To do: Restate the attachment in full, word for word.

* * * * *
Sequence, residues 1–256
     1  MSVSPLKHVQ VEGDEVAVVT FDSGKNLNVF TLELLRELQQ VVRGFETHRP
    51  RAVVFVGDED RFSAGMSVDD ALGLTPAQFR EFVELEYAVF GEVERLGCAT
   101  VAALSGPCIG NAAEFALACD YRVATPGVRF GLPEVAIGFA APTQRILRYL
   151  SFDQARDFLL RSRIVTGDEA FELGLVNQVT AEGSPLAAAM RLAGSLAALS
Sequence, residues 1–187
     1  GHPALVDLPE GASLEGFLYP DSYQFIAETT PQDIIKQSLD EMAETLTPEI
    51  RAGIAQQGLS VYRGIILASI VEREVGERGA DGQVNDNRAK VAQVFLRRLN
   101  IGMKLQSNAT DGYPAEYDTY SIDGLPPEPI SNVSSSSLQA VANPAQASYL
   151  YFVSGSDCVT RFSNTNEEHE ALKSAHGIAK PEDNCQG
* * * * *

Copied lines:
Sequence, residues 1–256
     1  MSVSPLKHVQ VEGDEVAVVT FDSGKNLNVF TLELLRELQQ VVRGFETHRP
    51  RAVVFVGDED RFSAGMSVDD ALGLTPAQFR EFVELEYAVF GEVERLGCAT
   101  VAALSGPCIG NAAEFALACD YRVATPGVRF GLPEVAIGFA APTQRILRYL
   151  SFDQARDFLL RSRIVTGDEA FELGLVNQVT AEGSPLAAAM RLAGSLAALS
Sequence, residues 1–187
     1  GHPALVDLPE GASLEGFLYP DSYQFIAETT PQDIIKQSLD EMAETLTPEI
    51  RAGIAQQGLS VYRGIILASI VEREVGERGA DGQVNDNRAK VAQVFLRRLN
   101  IGMKLQSNAT DGYPAEYDTY SIDGLPPEPI SNVSSSSLQA VANPAQASYL
   151  YFVSGSDCVT RFSNTNEEHE ALKSAHGIAK PEDNCQG